I’m not saying you shouldn’t water your lawn at all because this isn’t conducive to a healthy lawn. To make a bee-friendly lawn, you can still water the grass at around one to two inches per week. 

What’s more, some people may be concerned about having ugly bare patches of soil, which is understandable. While we want to help the bees, we don’t want to sacrifice having a beautiful garden. I would suggest choosing inconspicuous areas. Perhaps a patch under a tree or at the far corner of the lawn that won’t ruin the aesthetic value much. 

Honey bees usually live in a human-made hive or a nest made from wax, which is usually suspended in a tree or other structure. Therefore, it is vital to have trees or covered areas where they can build a nest. Although, if you fancy taking up a new hobby as a beekeeper, there’s nothing wrong with considering your own beehive

Other bee species nest in open stems of plants, so when pruning your garden, be sure to leave some hollow stems. Alternatively, you can install a bee hotel filled with open tunnels bees love to nest in. 

You may also know species like carpenter bees bore into wooden structures, but you’ll naturally want them to stay away from your house. So, providing dedicated wood, like a log pile, is a great idea. Fill holes with caulk to prevent the bees from boring into your home. 

Letting Your Grass Grow Long Helps Too

Finally, bees love the shelter long grass provides, so you might wish to consider an area of wild lawn. I have done this in my own garden, and it’s been really beneficial for the bees.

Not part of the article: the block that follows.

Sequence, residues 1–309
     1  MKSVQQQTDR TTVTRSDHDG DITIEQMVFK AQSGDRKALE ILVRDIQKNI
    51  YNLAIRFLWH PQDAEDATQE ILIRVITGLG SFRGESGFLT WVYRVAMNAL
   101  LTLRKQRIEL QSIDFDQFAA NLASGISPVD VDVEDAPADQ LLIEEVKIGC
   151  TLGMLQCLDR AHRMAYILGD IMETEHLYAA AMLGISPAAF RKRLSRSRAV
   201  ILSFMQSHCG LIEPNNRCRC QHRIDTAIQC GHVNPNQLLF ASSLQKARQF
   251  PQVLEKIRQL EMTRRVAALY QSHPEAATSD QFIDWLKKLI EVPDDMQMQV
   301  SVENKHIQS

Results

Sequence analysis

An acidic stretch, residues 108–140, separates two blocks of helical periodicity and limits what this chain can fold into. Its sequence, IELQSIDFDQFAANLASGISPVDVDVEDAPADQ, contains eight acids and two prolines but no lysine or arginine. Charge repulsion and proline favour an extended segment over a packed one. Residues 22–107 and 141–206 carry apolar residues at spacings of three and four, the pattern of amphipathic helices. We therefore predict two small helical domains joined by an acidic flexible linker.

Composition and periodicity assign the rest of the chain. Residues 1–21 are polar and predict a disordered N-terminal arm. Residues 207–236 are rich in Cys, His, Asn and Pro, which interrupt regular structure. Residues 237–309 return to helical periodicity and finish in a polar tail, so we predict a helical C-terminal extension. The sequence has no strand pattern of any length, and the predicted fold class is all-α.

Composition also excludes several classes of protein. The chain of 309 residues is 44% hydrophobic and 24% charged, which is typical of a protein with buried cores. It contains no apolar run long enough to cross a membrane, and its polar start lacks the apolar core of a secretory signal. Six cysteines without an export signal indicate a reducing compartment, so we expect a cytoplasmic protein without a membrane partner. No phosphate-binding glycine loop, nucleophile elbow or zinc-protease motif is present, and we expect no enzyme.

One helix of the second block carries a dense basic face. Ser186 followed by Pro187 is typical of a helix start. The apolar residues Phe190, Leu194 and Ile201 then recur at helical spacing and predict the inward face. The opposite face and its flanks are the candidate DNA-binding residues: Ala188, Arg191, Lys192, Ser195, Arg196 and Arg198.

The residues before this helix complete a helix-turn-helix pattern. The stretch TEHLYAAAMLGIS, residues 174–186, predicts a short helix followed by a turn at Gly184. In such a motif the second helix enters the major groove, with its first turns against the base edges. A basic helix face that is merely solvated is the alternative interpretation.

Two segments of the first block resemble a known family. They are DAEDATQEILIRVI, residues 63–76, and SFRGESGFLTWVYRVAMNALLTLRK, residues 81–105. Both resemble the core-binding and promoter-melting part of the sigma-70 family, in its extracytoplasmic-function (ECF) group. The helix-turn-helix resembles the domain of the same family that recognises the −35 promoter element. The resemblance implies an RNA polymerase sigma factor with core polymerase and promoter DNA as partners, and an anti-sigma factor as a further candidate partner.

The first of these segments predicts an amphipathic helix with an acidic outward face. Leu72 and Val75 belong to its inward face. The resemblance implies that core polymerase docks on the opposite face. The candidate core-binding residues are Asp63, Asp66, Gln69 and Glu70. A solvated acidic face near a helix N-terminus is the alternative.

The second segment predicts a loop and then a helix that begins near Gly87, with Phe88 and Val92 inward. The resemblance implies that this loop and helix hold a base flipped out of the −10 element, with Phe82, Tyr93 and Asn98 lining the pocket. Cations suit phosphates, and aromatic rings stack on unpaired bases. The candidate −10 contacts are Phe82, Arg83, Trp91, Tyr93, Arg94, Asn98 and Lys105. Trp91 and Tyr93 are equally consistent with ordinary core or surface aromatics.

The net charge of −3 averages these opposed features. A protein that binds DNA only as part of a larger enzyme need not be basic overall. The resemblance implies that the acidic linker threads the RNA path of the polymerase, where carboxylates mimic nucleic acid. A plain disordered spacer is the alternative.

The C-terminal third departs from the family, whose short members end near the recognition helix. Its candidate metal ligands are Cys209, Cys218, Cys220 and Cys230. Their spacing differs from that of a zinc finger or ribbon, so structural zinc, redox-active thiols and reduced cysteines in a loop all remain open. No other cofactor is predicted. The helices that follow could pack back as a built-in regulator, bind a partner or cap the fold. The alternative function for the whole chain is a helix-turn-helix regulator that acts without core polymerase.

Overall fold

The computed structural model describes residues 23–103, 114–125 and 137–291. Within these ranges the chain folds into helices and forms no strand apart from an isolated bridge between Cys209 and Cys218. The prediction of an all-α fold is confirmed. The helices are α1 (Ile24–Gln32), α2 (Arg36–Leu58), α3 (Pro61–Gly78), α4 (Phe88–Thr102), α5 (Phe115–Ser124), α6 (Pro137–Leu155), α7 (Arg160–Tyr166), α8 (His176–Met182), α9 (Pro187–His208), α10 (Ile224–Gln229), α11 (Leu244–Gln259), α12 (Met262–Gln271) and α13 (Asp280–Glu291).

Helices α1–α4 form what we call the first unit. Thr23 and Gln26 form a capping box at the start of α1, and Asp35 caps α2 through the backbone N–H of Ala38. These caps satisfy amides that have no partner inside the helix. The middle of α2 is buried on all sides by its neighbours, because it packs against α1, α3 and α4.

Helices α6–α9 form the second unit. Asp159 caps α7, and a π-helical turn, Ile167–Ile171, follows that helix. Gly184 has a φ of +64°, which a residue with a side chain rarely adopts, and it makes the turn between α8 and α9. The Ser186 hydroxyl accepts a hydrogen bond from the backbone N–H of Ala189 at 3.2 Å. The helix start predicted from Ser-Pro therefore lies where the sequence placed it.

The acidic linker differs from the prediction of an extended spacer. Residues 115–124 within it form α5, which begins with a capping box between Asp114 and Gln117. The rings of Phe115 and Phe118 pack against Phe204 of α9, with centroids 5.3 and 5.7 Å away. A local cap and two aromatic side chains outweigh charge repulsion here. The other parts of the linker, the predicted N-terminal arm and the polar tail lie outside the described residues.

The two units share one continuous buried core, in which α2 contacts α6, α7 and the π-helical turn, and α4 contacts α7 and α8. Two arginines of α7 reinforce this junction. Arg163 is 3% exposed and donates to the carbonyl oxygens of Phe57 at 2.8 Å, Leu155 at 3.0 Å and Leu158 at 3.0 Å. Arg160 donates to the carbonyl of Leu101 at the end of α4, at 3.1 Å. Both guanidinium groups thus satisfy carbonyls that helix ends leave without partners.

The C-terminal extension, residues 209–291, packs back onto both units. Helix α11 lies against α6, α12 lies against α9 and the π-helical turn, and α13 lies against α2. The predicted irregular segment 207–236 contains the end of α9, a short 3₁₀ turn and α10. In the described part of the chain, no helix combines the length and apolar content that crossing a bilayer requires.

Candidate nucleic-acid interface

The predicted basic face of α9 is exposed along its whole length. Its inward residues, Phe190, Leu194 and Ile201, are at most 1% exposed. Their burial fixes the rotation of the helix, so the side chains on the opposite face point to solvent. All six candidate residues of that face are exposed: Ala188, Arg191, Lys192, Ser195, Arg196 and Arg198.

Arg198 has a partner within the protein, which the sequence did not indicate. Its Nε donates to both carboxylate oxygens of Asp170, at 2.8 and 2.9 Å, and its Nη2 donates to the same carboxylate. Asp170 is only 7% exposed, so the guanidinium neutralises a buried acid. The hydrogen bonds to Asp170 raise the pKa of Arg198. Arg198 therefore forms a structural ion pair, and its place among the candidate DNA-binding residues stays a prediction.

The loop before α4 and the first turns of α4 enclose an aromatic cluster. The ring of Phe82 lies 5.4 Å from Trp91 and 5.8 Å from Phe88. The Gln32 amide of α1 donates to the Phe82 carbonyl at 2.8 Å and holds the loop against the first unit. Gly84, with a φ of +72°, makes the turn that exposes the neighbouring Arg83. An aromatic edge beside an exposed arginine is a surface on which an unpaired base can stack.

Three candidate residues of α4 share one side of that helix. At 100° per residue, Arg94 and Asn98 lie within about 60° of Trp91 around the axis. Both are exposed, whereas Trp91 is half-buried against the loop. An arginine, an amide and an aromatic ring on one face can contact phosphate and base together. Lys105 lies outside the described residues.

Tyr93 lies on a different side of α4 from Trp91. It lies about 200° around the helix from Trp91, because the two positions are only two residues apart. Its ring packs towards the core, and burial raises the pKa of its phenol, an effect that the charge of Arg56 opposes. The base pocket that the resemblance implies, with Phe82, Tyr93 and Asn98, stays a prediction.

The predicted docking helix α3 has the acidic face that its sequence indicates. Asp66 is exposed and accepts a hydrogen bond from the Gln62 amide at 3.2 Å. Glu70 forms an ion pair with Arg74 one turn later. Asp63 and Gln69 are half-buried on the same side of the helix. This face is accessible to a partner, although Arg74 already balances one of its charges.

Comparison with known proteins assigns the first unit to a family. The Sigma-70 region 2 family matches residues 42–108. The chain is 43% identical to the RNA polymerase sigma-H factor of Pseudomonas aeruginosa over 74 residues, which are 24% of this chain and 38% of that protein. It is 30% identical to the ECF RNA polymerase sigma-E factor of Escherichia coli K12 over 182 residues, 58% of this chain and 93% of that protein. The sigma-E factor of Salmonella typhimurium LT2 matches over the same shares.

I used an area along a fence that measures around 10 feet x 3 feet and have also sowed some wildflower seeds into the grass. I was worried it might look unsightly, but it gives that area of the garden a meadow field look I personally find very attractive. 

However, local laws may prevent you from growing your grass too long, so check what’s permitted before you do anything. 

6 – Provide Alternative Nutrition When Natural Food Sources Are Low

A closeup of a bee eating from a red bee feeder.

Another significant problem bees face is a lack of resources due to habitat loss. Human activity, such as building developments, has unfortunately primarily caused this. Moreover, if bees emerge too early in spring, many plants won’t yet have flowered, and they’ll struggle to find pollen and nectar. 

But when creating your bee-friendly garden, consider installing a bee feeder. While it is possible to buy a bee feeder, you don’t necessarily need anything fancy and can just as easily make your own. 

The most simple form is a shallow bowl (with supports for the bees to stand on, such as pebbles or marbles, and making sure they won’t move)) of sugar syrup, which you make using equal parts sugar and water, boil until the sugar dissolves, then let cool. This alternative to nectar will provide bees with the energy they need to keep working hard. 

Is It Safe To Have Bees Coming To Your Garden?

Bees sting. That’s a fact we’re all aware of, although many people don’t know there are many species of stingless bees. Moreover, even in stinging species, only females usually possess a stinger.